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By Benedict Cheong. Posted April 1, 2022
COVID-19 has highlighted the importance of collaboration among governments and stakeholders to better prepare for the next unknown crisis.
The fashion industry employs millions worldwide, but its SMEs have faced unprecedented challenges and a widening digitalization gap during the pandemic.
Asian governments and social scientists need to work together to respond to the pandemic and its aftermath.
The COVID-19 pandemic has taken a toll on the psychological and social well-being of many Filipinos. Stay-at-home orders have left many in isolation and experiencing feelings of fear and anxiety, largely over economic hardship and uncertainty.
By John Beirne. Posted October 27, 2021
The economic impact of the coronavirus disease (COVID-19) pandemic in Asia highlights the importance of entrenching longer-term sustainability and economic resilience into the recovery process. The macroeconomic effects of the pandemic, as well as the impact on firms and households in Asia, are featured in a new ADBI edited book, COVID-19 Impacts and Policy Options: An Asian Perspective.
The private sector can play a vital role in solving the sanitation challenge. The following four aspects highlight the importance of private sector participation in sanitation in developing countries, including in Asia.
By Alessia Destefanis, Tetsushi Sonobe, Dil Rahut and Jeetendra Prakash Aryal. Posted August 13, 2021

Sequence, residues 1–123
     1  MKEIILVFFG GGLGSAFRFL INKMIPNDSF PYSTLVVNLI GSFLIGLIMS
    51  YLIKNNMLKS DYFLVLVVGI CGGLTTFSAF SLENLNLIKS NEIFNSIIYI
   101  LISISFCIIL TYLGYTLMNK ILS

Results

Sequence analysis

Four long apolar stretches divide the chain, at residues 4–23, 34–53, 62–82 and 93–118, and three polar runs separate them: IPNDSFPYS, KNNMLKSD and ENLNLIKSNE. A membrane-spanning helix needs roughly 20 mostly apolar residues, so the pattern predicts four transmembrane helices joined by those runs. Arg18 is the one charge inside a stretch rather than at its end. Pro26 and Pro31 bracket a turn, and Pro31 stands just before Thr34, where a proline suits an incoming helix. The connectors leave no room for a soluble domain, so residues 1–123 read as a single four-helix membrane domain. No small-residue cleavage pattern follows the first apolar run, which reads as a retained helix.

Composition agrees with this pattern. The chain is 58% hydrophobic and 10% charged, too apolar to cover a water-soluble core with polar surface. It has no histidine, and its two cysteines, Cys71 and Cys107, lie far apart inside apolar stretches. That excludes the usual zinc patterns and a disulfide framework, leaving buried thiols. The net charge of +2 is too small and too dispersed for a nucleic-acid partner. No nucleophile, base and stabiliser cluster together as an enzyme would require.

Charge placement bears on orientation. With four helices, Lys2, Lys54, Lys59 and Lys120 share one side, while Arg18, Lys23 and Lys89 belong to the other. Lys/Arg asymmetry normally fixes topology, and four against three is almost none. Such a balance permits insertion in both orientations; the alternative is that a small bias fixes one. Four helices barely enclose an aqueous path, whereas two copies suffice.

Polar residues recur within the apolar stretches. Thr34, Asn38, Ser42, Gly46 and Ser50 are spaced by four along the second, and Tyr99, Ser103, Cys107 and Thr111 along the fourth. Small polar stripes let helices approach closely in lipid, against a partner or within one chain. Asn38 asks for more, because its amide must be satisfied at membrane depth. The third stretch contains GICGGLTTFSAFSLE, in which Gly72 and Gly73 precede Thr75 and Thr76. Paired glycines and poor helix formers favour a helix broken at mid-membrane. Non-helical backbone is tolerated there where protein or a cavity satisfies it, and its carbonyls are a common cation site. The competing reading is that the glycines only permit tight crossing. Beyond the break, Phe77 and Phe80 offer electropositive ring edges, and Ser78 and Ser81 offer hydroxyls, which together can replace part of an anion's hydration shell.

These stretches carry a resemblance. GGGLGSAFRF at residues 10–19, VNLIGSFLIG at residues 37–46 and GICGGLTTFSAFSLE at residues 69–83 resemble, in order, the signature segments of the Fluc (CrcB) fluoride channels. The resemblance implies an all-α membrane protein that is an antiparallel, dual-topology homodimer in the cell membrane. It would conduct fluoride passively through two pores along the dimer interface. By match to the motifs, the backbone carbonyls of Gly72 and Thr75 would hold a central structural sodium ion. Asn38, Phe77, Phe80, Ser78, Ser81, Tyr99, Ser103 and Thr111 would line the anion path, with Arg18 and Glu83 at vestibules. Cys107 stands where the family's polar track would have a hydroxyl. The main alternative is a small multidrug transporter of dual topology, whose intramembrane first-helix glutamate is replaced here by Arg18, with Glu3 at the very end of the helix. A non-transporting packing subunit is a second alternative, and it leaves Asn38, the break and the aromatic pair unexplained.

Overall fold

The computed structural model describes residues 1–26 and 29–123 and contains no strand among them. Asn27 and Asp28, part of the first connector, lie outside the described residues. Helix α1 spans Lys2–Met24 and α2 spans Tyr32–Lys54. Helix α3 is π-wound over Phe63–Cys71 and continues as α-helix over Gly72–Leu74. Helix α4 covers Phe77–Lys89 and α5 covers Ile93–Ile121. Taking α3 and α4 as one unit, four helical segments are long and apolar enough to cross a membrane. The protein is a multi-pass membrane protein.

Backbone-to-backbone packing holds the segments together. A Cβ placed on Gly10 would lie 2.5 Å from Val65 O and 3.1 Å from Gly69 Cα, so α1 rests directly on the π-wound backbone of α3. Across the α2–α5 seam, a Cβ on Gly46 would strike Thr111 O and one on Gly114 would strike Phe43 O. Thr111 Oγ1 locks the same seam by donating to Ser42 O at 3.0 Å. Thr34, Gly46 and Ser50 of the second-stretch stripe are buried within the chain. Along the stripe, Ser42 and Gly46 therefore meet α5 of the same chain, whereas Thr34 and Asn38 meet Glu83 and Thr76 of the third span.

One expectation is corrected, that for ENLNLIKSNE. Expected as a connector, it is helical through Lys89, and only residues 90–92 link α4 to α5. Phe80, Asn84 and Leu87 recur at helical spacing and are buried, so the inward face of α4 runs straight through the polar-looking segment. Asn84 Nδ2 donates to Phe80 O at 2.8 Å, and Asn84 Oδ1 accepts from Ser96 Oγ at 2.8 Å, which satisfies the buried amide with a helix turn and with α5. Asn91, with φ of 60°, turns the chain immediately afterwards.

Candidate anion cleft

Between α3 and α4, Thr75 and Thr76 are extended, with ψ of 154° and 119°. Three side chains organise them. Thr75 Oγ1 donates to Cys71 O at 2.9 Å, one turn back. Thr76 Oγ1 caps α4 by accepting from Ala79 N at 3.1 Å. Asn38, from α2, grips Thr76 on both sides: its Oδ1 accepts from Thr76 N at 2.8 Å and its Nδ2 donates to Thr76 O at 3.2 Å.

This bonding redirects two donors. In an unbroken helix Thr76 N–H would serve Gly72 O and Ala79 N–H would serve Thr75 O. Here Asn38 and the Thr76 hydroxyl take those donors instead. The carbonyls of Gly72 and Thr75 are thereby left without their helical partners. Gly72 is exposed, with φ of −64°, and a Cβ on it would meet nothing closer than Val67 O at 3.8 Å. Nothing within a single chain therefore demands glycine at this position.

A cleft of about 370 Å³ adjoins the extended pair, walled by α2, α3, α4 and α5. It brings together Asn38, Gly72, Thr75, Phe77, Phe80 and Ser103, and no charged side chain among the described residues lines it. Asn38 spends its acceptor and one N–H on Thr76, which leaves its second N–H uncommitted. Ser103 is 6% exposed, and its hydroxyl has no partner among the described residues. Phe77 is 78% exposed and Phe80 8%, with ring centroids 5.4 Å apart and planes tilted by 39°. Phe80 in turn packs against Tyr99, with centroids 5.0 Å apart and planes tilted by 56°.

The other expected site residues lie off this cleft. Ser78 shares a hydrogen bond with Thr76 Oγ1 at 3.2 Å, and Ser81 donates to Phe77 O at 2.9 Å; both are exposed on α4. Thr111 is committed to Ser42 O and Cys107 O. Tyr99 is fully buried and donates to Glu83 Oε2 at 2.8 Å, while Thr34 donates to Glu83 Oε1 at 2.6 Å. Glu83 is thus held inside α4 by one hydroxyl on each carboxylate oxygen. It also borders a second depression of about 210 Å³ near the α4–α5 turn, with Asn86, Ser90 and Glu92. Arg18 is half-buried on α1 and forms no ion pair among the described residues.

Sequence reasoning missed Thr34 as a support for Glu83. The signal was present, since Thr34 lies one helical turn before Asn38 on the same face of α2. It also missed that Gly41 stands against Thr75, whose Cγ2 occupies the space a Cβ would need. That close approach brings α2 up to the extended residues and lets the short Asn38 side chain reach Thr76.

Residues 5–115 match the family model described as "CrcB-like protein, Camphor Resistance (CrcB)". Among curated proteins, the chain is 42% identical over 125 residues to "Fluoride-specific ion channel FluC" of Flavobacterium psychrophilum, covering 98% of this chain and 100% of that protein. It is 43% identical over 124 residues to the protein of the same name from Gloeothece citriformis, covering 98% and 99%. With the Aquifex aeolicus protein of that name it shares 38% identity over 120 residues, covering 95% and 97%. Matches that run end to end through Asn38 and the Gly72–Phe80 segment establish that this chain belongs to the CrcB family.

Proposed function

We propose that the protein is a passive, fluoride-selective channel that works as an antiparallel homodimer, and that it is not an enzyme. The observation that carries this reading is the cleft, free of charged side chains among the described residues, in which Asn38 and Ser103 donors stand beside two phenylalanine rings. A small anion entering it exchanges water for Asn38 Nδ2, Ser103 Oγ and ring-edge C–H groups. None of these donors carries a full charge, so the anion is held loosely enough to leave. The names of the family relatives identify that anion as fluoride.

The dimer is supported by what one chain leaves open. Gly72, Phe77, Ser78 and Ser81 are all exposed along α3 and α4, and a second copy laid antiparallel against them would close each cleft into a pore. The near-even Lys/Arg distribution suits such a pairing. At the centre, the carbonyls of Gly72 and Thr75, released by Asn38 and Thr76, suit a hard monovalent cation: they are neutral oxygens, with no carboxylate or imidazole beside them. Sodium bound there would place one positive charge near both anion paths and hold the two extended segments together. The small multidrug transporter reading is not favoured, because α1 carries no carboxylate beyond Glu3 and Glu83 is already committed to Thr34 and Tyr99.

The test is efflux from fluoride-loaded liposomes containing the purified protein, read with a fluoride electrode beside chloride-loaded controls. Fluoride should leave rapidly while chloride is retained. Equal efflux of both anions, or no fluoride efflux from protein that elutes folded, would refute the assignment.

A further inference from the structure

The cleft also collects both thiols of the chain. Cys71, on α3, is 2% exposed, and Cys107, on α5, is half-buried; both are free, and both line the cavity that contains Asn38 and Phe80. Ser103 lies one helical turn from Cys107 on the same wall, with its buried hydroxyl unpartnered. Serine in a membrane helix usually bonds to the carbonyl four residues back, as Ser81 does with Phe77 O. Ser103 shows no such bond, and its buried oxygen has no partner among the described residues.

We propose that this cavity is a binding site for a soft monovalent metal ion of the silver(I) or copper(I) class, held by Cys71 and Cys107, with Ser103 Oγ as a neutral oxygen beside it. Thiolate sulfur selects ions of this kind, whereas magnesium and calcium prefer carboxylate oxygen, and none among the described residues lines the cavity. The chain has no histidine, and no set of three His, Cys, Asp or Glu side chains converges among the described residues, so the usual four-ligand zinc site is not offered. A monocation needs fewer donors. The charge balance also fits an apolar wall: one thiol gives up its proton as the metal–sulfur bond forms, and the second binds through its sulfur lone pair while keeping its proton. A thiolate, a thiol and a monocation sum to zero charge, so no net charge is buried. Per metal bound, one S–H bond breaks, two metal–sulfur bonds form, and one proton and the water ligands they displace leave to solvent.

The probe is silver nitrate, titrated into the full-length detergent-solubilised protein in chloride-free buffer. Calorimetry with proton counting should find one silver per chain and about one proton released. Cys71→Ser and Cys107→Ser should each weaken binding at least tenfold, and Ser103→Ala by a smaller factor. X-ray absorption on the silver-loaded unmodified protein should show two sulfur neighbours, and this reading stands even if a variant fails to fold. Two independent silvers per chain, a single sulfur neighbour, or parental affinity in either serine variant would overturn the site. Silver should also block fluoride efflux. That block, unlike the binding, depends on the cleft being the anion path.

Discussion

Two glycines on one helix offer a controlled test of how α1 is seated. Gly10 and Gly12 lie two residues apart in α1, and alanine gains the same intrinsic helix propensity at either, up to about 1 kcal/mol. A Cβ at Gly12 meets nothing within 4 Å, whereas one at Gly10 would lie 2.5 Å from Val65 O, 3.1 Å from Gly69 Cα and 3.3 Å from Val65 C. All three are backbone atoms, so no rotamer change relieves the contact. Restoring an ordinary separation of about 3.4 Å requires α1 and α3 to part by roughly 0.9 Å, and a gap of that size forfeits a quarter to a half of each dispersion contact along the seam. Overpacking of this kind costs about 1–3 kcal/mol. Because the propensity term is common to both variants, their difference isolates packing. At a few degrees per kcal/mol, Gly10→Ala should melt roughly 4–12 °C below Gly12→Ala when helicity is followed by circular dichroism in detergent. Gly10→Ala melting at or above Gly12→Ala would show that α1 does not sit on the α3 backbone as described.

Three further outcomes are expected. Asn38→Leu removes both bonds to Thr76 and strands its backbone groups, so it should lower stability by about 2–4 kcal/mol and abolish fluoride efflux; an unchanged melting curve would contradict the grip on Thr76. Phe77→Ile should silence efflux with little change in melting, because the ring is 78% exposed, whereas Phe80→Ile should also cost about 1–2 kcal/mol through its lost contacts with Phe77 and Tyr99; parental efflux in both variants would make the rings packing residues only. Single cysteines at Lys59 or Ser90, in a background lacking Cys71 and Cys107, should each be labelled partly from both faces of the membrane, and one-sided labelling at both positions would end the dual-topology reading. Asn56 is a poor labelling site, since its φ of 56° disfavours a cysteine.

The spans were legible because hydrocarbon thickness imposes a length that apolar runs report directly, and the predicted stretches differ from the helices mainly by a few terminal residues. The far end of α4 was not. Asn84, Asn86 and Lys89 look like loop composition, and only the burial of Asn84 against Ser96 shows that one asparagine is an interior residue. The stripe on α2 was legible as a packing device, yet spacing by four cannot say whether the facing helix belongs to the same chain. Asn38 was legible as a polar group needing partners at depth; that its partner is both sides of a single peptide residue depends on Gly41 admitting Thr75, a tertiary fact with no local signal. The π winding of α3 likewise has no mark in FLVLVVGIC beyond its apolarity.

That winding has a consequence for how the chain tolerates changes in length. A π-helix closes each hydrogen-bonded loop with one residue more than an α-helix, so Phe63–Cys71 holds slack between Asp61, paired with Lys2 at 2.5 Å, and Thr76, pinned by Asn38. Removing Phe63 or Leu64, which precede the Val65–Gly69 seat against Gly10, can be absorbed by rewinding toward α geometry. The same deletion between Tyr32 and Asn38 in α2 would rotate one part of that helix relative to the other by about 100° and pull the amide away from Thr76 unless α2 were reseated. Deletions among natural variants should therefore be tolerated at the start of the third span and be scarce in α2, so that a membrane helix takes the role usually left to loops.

The informal sector, which employs over 62% of the global population, is a fundamental source of livelihood for over 2 billion people (ILO 2020). Here, “employment” includes self-employment, and the informal sector refers to the part of the economy that is generally not monitored by a tax authority or other forms of government. Before the outbreak of the coronavirus disease (COVID-19), the informal sector accounted for 87.7%, 51.5%, and 55.7% of the population in low-, middle-, and high-income countries, respectively (ILO 2018a).
Food insecurity continues to be a pressing issue worldwide, despite scientific innovation and technological advancements in agriculture. Therefore, food security continues to be at the center of the global development agenda. The burgeoning demand for food due to exponential growth in the world’s population and the mismatch between demand and supply due to factors such as climate change, loss of soil fertility, land degradation, water scarcity, food loss and waste, and inefficient distribution systems, have exacerbated the problem of food insecurity.
While the World Bank has identified Bangladesh as one of only three big economies that had increases in remittance inflows in 2020, along with Pakistan and Mexico (Ratha et al. 2020), and remittances have long made up a substantial share of people’s income in the country, preliminary results from a recent study supported by the Asian Development Bank Institute (ADBI) finds surprising resilience for remittance inflows into the rural economy during the first wave of the coronavirus disease (COVID-19) pandemic in Bangladesh.
An examination of the published journal articles on development economics reveals a striking pattern—very few are devoted to the analysis of sanitation interventions and development. In a recent systematic review of all sanitation-related articles from the top-12 highest-ranking journals on development economics (Revilla et al. 2021), we attempt to understand the linkages between sanitation and development based on current qualitative and quantitative empirical work.
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